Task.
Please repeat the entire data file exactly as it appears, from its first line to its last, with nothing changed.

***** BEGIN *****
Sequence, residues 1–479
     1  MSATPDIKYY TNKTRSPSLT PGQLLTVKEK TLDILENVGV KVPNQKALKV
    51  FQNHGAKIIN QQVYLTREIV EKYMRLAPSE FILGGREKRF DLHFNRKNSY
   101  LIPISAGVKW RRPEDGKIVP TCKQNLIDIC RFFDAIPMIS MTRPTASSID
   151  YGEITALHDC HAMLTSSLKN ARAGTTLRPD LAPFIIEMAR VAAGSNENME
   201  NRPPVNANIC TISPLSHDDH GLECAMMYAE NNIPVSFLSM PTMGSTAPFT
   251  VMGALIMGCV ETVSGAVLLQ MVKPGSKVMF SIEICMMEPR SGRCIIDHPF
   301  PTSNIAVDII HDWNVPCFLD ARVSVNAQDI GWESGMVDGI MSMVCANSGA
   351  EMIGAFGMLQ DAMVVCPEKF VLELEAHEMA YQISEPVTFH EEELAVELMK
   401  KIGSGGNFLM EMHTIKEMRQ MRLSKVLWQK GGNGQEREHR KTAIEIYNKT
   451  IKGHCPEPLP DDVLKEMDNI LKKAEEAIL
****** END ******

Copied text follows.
Sequence, residues 1–479
     1  MSATPDIKYY TNKTRSPSLT PGQLLTVKEK TLDILENVGV KVPNQKALKV
    51  FQNHGAKIIN QQVYLTREIV EKYMRLAPSE FILGGREKRF DLHFNRKNSY
   101  LIPISAGVKW RRPEDGKIVP TCKQNLIDIC RFFDAIPMIS MTRPTASSID
   151  YGEITALHDC HAMLTSSLKN ARAGTTLRPD LAPFIIEMAR VAAGSNENME
   201  NRPPVNANIC TISPLSHDDH GLECAMMYAE NNIPVSFLSM PTMGSTAPFT
   251  VMGALIMGCV ETVSGAVLLQ MVKPGSKVMF SIEICMMEPR SGRCIIDHPF
   301  PTSNIAVDII HDWNVPCFLD ARVSVNAQDI GWESGMVDGI MSMVCANSGA
   351  EMIGAFGMLQ DAMVVCPEKF VLELEAHEMA YQISEPVTFH EEELAVELMK
   401  KIGSGGNFLM EMHTIKEMRQ MRLSKVLWQK GGNGQEREHR KTAIEIYNKT
   451  IKGHCPEPLP DDVLKEMDNI LKKAEEAIL